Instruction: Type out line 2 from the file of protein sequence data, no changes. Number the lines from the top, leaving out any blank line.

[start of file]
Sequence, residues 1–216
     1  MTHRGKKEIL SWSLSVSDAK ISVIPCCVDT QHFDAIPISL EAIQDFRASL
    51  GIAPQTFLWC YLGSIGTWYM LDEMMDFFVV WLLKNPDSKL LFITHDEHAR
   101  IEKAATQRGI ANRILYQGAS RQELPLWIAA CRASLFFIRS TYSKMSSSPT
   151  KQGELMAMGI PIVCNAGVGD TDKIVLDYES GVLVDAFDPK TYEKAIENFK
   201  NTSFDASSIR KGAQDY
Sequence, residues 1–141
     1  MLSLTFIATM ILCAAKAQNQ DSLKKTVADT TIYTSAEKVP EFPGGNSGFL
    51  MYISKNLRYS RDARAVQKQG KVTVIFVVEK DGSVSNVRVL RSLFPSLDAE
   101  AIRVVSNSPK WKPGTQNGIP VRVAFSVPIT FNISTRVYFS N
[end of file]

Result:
     1  MTHRGKKEIL SWSLSVSDAK ISVIPCCVDT QHFDAIPISL EAIQDFRASL